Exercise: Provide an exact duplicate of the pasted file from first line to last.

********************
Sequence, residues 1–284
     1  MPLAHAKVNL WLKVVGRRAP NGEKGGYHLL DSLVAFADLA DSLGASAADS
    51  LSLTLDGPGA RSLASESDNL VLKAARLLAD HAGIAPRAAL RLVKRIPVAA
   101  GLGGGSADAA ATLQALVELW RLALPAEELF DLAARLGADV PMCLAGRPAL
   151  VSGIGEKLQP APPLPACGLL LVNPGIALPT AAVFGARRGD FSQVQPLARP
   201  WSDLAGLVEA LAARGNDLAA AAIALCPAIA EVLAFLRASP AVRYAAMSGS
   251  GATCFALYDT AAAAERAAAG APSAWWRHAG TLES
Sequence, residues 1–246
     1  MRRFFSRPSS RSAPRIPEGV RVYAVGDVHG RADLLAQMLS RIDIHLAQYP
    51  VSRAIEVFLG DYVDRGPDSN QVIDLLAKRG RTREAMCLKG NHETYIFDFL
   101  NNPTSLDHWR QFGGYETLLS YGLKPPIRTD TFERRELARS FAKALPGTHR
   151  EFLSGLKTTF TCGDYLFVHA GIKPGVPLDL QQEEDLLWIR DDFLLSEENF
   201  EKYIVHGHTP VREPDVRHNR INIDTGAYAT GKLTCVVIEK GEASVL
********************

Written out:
Sequence, residues 1–284
     1  MPLAHAKVNL WLKVVGRRAP NGEKGGYHLL DSLVAFADLA DSLGASAADS
    51  LSLTLDGPGA RSLASESDNL VLKAARLLAD HAGIAPRAAL RLVKRIPVAA
   101  GLGGGSADAA ATLQALVELW RLALPAEELF DLAARLGADV PMCLAGRPAL
   151  VSGIGEKLQP APPLPACGLL LVNPGIALPT AAVFGARRGD FSQVQPLARP
   201  WSDLAGLVEA LAARGNDLAA AAIALCPAIA EVLAFLRASP AVRYAAMSGS
   251  GATCFALYDT AAAAERAAAG APSAWWRHAG TLES
Sequence, residues 1–246
     1  MRRFFSRPSS RSAPRIPEGV RVYAVGDVHG RADLLAQMLS RIDIHLAQYP
    51  VSRAIEVFLG DYVDRGPDSN QVIDLLAKRG RTREAMCLKG NHETYIFDFL
   101  NNPTSLDHWR QFGGYETLLS YGLKPPIRTD TFERRELARS FAKALPGTHR
   151  EFLSGLKTTF TCGDYLFVHA GIKPGVPLDL QQEEDLLWIR DDFLLSEENF
   201  EKYIVHGHTP VREPDVRHNR INIDTGAYAT GKLTCVVIEK GEASVL